A South Korean shopping mall has banned merchants from mining cryptocurrencies. They mainly targeted miners of bitcoin and ethereum. They cited electrical costs as the main issue. It appears that many cryptocurrency miners used the Yongsan Electronics Market to conduct various mining operations. They were also concerned about starting a fire, suggested reports from the Korea Economic Daily.
The report stated, “As merchants who run PCs (diggers) in virtual shopping malls are increasing in the shopping mall, there are complaints about power consumption and room temperature rise as well as fire worries.”
Management of the market also said that an increase in electrical costs would be applied to merchants bills. It appeared like the mall’s representatives was ready to crack down on all underground operations within its location. The report also stated the air conditioning was not working well since the miners took up residence.
Gold Rush of South Korean Mining
Overall, there seems to be a gold rush of mining in South Korea. Various mining operations in shopping malls are constantly humming. This occurs because — like American flea markets — vendors rent rooms and space in the markets. Once they have the space, they set up miners and begin to process mining transactions. It is all the rage lately.
The Yongsan Electronics Market sent a letter to a tenant and told them to stop mining. They explained that it is against the rules. The letter stated:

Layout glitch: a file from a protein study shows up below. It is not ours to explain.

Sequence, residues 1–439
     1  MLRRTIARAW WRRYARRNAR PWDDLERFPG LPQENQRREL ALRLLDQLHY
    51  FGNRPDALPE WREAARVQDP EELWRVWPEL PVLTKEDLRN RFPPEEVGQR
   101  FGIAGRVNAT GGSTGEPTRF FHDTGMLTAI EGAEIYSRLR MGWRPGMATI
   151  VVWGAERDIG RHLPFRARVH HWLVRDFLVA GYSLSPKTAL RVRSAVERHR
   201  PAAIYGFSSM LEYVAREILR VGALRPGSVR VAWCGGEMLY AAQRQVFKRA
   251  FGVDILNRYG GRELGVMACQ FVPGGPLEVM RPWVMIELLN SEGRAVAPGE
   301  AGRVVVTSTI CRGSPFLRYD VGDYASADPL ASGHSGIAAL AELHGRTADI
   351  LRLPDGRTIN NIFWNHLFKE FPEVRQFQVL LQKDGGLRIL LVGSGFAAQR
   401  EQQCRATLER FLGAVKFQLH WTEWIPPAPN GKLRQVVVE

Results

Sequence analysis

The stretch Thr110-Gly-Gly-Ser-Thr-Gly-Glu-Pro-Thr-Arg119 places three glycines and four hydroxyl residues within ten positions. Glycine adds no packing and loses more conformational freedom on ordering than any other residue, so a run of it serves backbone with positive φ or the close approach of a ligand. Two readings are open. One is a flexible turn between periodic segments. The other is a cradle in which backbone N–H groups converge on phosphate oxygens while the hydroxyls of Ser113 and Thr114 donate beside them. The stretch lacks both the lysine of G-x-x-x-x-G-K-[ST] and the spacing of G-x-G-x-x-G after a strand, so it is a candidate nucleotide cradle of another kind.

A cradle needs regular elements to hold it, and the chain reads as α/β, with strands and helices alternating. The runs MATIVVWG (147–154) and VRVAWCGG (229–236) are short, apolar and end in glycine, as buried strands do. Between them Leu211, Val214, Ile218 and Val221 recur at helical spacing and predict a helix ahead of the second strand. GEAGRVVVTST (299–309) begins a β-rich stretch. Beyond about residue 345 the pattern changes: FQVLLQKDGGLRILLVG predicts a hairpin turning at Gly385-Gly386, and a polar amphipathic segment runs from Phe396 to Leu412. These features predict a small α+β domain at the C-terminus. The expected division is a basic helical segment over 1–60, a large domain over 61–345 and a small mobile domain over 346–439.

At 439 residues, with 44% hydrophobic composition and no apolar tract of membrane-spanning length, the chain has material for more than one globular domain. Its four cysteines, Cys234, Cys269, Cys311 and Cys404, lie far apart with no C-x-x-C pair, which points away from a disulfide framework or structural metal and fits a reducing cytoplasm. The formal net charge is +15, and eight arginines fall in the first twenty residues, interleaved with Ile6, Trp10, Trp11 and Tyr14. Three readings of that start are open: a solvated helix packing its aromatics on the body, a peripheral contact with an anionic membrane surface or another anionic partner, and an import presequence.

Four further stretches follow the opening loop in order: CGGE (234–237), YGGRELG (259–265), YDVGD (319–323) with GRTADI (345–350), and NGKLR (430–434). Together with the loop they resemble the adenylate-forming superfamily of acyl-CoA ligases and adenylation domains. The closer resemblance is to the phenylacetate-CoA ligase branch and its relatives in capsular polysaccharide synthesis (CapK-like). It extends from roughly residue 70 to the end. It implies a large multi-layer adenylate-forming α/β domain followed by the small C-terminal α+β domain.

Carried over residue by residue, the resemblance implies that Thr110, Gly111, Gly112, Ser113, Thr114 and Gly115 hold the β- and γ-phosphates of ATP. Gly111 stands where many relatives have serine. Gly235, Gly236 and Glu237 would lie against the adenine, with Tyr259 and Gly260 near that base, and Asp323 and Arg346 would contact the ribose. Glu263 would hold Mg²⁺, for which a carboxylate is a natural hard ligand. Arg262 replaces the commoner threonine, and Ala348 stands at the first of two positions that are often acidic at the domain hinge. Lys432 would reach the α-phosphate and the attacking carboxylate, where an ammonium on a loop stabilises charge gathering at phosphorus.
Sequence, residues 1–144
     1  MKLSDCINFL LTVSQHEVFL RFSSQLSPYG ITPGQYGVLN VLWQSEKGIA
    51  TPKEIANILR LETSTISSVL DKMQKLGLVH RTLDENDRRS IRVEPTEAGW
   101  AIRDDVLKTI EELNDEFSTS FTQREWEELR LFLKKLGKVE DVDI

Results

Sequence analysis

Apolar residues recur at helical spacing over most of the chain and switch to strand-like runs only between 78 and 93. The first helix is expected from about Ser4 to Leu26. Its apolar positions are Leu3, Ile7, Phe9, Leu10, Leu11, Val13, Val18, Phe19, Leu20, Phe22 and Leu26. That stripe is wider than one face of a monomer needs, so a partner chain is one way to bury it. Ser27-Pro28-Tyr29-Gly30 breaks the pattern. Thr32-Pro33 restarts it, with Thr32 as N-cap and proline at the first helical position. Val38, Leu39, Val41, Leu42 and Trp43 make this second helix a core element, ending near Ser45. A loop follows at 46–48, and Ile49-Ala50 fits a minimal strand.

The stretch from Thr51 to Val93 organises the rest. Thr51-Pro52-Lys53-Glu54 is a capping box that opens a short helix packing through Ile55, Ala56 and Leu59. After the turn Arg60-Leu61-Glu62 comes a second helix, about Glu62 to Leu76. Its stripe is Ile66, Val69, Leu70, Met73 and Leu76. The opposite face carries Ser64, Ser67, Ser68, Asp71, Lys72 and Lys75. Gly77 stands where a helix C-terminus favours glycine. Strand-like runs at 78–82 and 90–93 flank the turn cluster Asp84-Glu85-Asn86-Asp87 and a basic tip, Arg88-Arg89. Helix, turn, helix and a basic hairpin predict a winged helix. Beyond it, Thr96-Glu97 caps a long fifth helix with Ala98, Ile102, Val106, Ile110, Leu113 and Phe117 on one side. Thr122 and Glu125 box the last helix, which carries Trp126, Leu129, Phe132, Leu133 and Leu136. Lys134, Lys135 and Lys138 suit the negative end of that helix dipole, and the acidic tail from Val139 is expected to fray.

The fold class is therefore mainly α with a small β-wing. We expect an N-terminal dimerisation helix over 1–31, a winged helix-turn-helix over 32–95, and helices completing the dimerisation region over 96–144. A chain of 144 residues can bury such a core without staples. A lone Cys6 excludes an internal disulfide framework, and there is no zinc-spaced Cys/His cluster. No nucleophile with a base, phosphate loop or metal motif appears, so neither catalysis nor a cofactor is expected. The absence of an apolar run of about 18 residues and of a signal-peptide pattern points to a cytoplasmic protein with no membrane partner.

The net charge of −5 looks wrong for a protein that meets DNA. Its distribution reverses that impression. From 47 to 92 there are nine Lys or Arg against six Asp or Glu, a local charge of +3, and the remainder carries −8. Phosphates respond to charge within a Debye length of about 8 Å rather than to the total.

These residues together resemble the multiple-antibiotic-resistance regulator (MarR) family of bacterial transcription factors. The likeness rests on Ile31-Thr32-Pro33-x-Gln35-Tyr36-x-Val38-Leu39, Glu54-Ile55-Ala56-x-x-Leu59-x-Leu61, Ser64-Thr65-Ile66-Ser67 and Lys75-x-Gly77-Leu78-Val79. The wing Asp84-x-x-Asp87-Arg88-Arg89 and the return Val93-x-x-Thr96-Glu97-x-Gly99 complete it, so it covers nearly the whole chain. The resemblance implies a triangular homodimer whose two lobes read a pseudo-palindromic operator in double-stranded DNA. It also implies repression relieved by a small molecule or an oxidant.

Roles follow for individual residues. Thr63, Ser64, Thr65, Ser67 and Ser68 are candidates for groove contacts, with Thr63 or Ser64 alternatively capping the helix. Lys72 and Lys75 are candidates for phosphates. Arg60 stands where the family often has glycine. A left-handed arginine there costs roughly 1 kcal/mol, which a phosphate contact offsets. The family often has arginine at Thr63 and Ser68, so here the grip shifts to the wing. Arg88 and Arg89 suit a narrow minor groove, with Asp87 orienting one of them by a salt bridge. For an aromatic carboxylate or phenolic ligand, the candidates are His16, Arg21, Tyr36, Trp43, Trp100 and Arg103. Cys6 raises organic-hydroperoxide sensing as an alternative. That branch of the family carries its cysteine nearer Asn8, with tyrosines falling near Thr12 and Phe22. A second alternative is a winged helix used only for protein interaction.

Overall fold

When a mining machine is operated, a considerable amount of power is consumed. As a result, the electricity price increases sharply (due to the progressive tax) in the shopping districts, which increases the cost burden on all merchants.
So Many Miners Mining Meticulously
A lot of power is consumed, especially with as many miners the report said are running concurrently. Apparently, about 100 miners just from one company work around the clock to generate new bitcoin and ethereum. Some news sites suggested that about $300,000 worth of ASIC mining equipment was installed at the marketplace.
This surge of mining in marketplaces comes alongside South Korea’s creation of a regulatory framework for digital currencies. Bitcoin.com recently covered Korean Democratic Party lawmaker Park Yong-jin‘s announcement that the cryptocurrency legal framework is in place. His framework detailed that cryptocurrencies are considered “electronic stores of value” or “instruments of exchange.”
This new framework should also provide information on how bitcoin mining will function. It will describe how regulation will affect miners and what rules they will need to follow. Business Korea wrote that the Bitcoin Regulation Act is scheduled for a regular session of the National Assembly in September.
Do you think more shopping malls in Korea will have this problem? What do you think about the future of bitcoin and bitcoin cash mining? Let us know in the comments section below.
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